By TANISHA MOHAPATRA
A piece of short fiction
You always walked me to the playground – not too many times, but in my mind, those few times constitute “always.” I don’t quite remember how many counts “always” comprises, and most of the times we spent together are hazy anyway. But I remember you always walked me to the playground because that’s what I conditioned myself to remember. Through human haziness, however, that rusty swing set stands out in all its cold metal glory, just as I remember it from back when I was too scared to approach it. I built my muddy temples at the summit of the four reddish-brown posts, carefully avoiding the oscillating masses and the odor of oxidized iron. You always looked at me from afar, and when dusk turned too dark to tell my silhouette apart from the bushes and the ivy, you’d walk over and ask just one time if I wanted to try. In the darkness, mistakes are easier to make but harder for others to spot. I’d say I didn’t want to smell of oxidized iron, but you knew me too well and reminded me that there’s always another time.
We buried my mud temples in the sand so no one could raid them at night, and eventually, after some fraction of always, I agreed to have my palms smell of oxidized iron because Mom got some lavender scented hand-soap that I really wanted to use. You chuckled — “another time” was finally here, and after you promised to walk along as I went back and forth in my madness, I agreed to have smelly reddish brown hands. You did not go through with that promise, but I did not have any complaints after my initial outcry or two. I wanted to go higher, high above and around the uneven horizontal metal bar from which the chains that could not tie me down hung. You laughed at my ridiculous idea and taught me to put my legs up when I swing forward, and fold them back down when time came. It helps to go with the flow.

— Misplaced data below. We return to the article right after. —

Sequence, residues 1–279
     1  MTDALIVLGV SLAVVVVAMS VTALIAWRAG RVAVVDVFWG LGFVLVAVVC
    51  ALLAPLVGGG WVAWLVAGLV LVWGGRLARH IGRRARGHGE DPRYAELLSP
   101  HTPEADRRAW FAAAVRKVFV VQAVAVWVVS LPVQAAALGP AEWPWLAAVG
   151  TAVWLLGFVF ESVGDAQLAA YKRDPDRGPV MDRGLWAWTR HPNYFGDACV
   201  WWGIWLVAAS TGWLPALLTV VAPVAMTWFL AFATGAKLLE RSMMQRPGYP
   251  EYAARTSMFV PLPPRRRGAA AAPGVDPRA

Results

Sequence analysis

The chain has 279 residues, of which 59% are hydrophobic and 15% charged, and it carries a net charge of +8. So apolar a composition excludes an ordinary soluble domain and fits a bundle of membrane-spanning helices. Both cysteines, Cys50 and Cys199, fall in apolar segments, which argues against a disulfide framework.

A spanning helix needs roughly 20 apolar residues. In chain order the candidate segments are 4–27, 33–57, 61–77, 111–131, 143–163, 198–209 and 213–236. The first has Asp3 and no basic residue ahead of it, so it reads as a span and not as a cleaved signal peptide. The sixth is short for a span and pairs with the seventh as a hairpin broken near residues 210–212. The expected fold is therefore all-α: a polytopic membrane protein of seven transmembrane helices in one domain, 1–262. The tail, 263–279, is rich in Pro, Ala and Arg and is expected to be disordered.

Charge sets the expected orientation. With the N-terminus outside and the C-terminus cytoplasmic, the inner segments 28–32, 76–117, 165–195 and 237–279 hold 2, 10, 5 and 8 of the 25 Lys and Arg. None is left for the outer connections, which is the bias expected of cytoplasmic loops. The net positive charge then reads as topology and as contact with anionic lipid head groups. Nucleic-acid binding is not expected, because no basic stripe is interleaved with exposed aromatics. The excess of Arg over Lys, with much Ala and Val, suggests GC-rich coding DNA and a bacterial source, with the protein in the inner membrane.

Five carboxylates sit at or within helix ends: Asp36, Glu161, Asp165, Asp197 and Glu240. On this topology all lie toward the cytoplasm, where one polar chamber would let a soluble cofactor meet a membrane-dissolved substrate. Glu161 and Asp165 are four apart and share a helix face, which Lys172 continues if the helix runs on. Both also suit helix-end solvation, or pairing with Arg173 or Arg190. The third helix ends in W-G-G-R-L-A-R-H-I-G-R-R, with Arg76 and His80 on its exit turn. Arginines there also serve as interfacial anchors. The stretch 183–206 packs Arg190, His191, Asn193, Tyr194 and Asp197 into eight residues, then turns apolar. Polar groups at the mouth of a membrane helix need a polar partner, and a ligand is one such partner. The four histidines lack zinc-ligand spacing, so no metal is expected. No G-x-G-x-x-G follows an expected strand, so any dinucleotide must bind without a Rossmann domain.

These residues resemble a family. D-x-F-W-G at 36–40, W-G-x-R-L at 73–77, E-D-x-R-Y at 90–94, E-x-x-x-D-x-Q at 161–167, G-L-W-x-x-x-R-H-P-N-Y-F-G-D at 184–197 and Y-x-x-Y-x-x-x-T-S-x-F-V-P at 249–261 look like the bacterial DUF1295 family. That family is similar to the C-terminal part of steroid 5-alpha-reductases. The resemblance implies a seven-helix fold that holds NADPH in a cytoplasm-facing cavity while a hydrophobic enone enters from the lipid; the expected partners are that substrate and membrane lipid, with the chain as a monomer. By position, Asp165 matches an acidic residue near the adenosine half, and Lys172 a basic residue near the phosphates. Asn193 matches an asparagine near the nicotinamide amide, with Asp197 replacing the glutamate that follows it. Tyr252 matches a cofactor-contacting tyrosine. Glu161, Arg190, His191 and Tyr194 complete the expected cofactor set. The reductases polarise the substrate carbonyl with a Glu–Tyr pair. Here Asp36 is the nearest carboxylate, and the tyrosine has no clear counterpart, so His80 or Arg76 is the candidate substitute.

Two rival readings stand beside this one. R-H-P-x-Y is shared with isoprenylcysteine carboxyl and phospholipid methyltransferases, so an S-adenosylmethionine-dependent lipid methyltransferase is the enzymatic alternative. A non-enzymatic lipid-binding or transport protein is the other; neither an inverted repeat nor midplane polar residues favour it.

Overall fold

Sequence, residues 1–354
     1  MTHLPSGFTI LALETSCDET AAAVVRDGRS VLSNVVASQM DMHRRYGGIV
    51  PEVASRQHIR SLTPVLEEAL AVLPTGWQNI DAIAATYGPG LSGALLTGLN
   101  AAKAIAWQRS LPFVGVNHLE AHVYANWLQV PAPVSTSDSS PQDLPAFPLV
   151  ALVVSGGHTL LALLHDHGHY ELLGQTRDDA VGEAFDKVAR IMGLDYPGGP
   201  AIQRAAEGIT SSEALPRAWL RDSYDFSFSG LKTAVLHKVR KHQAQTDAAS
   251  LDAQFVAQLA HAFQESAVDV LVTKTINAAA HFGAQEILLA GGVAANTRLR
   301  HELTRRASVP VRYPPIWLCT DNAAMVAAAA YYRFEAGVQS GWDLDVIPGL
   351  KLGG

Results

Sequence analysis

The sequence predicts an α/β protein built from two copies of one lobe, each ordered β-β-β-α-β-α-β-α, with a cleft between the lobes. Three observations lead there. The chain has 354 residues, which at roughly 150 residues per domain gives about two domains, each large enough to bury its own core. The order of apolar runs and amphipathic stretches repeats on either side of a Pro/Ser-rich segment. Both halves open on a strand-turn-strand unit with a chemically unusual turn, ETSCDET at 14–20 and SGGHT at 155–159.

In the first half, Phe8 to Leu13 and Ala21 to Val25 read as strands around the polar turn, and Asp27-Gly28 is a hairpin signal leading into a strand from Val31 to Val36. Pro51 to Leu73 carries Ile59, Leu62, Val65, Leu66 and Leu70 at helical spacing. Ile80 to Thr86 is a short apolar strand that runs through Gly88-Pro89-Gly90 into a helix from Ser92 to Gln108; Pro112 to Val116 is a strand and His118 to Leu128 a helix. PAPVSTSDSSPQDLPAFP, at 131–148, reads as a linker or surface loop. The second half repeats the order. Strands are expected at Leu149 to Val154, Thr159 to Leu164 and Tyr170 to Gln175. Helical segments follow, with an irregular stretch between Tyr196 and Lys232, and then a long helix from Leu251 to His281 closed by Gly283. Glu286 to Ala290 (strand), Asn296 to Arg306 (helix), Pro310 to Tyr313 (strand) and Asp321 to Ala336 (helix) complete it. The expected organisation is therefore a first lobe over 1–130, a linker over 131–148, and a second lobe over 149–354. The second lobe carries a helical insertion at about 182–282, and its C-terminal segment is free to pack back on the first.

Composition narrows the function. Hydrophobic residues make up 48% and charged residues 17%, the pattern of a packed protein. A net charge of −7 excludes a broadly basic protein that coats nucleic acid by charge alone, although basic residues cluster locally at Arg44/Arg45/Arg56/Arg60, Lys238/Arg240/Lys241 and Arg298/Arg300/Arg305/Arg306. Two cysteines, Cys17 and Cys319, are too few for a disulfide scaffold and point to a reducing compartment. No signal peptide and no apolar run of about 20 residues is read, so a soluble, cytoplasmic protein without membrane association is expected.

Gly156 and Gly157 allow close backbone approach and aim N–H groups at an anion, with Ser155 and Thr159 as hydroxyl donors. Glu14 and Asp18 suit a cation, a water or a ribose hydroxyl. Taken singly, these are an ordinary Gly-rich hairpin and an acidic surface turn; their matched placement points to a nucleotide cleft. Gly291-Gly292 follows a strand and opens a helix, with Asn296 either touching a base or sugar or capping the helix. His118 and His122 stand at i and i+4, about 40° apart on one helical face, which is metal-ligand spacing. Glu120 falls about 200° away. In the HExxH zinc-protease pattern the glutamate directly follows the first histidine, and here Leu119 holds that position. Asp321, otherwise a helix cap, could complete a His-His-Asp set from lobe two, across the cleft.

They rebuilt the playground in the many years that I spent away because it was overgrown with too many weeds that dispersed from there to never return. The swing had broken down and the slide was creaky and the weeds made everyone trip. That shiny new swing-set is like a beacon of hope for several other seven year old girls in their floral frocks, who will now pretend and believe that if they throw themselves high enough, they can kiss heaven. The paint is chipping in places, and I can still see patches of the oxidized iron from where I learnt to feel the wind in my hair. I don’t know if you remember always taking me to the playground, but it was heaven for me. And this is how I overcame my obsession with little mud huts and eating the grains that stuck to my fingernails.
Yesterday, I saw you break down for the first time in all these years, and all I could remember was that one evening in our small town when you told me it helps to go with the flow. I had my heart in my throat when the news of this loss bore a name I confused with yours. I addressed you both just the same; Grandfather had too many syllables in it. The ache of a loved one’s demise gnaws at me as much as the guilt about being partially relieved that it wasn’t you. It is hard to lose whoever taught you to teach me and that loss bears upon me too, but it is harder for me to see you entangled in the weeds. But maybe when they redid the playground, the heavens readjusted their angle. Before it was a playground, I am sure it was something else, and after it is done being a playground, it will be something else. We’ll have to ask someone what it was, and someday, someone will have to ask us what it was, and we’ll tell them all about the rusty swing set to heaven and the little pink flowers whose name I cannot remember. At times, we have to bend our legs back in order to keep the momentum.